Author: Gary Colvin, Behaviour Consultant

Companion parrots can be a lot like pretzels&&.it is hard to stop at one! A lot of first time parrot owners sooner or later start to think about adding another feathered friend to their household, but unless you are prepared and ask yourself a few questions, this can be the start of a lot of trouble.

When someone asks me about getting another parrot, there are a few questions I ask them to consider, before taking this giant step.

1. Do you have adequate time to give your new parrot, without neglecting your current feathered friend? Remember your first parrot has had you all to himself and may just resent loosing your undivided attention. Hopefully your parrots will get on together and be the best of friends, but if they dont, have you got the available time to give each bird the individual time it may require? This can also mean double the time cleaning, food preparation and environmental enrichment and exercise times.

2. Do you have adequate space to house each bird separately, should they need the space, or prefer their own company? This means having a suitably sized day and night cage and play area for each bird.

3. Can you afford to look after another companion bird, with feeding, toys and be able to supply the best medical attention needed, should your bird fall ill and need to see an avian veterinarian.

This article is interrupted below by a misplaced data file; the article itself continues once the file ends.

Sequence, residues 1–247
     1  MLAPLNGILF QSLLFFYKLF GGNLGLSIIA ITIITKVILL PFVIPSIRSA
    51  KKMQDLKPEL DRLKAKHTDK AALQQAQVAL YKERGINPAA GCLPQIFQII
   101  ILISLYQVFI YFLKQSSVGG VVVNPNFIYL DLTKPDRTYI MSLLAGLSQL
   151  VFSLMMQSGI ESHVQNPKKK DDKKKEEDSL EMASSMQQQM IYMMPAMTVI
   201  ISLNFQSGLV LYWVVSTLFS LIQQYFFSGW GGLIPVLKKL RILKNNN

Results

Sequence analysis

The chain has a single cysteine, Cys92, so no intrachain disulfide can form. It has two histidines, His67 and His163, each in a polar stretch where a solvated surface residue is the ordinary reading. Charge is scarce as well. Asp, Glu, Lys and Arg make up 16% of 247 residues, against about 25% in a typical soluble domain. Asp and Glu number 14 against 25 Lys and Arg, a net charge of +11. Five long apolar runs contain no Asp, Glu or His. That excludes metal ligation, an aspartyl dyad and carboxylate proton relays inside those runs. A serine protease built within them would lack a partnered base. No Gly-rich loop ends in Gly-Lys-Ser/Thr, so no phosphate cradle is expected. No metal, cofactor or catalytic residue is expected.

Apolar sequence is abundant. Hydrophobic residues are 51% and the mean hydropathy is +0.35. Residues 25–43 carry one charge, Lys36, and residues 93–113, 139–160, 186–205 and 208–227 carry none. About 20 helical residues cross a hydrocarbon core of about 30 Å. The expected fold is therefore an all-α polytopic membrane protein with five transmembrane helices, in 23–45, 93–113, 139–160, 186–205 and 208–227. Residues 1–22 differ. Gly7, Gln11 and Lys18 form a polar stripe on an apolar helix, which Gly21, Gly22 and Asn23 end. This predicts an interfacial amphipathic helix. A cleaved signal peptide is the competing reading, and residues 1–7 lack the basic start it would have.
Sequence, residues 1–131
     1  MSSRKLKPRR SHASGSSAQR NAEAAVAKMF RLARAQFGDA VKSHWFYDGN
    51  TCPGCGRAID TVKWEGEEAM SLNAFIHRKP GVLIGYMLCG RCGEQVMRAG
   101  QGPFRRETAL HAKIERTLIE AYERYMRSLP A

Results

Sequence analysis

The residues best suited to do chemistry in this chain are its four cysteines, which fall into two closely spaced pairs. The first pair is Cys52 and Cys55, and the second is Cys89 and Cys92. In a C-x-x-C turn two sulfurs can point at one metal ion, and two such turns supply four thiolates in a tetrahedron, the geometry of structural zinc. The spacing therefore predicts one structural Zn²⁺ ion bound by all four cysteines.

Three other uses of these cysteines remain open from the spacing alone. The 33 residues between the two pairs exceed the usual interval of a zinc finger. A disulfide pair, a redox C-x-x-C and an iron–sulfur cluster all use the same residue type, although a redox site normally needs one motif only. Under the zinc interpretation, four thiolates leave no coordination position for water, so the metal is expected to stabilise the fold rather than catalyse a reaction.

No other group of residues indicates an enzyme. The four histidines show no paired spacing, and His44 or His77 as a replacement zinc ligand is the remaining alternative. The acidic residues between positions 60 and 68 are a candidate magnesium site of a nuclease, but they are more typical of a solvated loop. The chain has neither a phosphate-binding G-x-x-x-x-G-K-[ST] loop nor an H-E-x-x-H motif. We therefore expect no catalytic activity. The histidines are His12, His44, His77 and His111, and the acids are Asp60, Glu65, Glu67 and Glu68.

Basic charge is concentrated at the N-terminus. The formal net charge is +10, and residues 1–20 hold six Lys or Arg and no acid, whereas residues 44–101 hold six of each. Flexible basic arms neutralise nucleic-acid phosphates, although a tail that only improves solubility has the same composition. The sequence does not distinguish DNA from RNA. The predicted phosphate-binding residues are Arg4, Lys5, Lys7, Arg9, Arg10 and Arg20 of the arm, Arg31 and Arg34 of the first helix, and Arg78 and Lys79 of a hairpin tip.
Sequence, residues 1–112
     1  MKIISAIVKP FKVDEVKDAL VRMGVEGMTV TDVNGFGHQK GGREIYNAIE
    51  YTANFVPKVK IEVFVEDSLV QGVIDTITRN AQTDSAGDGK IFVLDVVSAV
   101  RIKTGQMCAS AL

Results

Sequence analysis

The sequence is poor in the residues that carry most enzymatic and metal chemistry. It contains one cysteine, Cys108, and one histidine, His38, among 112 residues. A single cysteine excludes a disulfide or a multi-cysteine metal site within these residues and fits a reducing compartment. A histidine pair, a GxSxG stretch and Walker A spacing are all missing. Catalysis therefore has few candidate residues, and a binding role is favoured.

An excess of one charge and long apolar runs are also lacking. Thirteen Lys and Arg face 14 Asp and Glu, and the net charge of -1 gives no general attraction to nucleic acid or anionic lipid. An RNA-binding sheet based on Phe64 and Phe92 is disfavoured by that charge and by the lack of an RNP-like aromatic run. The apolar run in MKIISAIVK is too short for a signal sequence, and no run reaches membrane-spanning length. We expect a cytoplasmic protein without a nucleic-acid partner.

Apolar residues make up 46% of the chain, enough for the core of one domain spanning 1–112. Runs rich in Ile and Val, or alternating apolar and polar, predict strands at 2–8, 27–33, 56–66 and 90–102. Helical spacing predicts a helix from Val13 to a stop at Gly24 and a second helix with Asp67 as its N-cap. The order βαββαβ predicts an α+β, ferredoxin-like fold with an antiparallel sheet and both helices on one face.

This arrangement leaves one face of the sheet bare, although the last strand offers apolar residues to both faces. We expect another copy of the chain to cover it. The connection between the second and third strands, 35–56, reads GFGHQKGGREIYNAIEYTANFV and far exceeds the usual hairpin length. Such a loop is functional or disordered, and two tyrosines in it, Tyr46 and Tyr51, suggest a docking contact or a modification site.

4. If your current parrot and your new parrot form a relationship, the existing relationship you have with your first bird, may change. If this happens, are you willing to accept this and be happy with that change?

5. When you look at your other companion animals, no matter what species, do they all seem happy and healthy? Are they all well cared for, exercised, groomed and are you able to spend enough time with each one of them?

6. Do you think by adding another companion animal to your household it will benefit everyone already existing there&both human and animal?  

7. If your new addition to your household is noisy, or causes the noise levels to rise in your existing birds, will this be a problem and will you be able to address this? 

If you are happy with all the answers you have given and still want to add to your family there are a few things you can do to try and make the addition as stress free and as easy as possible, but always remember you are dealing with living, feeling animals with intelligence and each one will be an individual and be completely different.

If you have a choice, I would try to get two birds at the same time, or as close together in time as possible and as young as possible, so that patterns can be set for both birds from the start. Both birds can learn the routines of your household together and learn what to expect in interactions from you and be socialized into accepting the other bird as part of its flock or family. As with children, or any animals, the earlier you can establish how life is, what to expect, routines and patterns, the easier it is on the animals.

We all know that parrots are flock animals and in the wild, and live in family groups within a larger groups called flocks. We think because of this, they should accept new birds coming into their home as another flock member, but this isnt naturally so. Most of the companion parrots we own are hand raised by breeders so that they will be nice and tame. They are socialized to humans from an early age and usually come to live with us, as soon as they are fully fledged and weaned. If they are with humans and other pets, they soon settle in and consider us to be their flock, which is a good thing, unless you want to add another bird later on, which they may or may not see as part of the flock.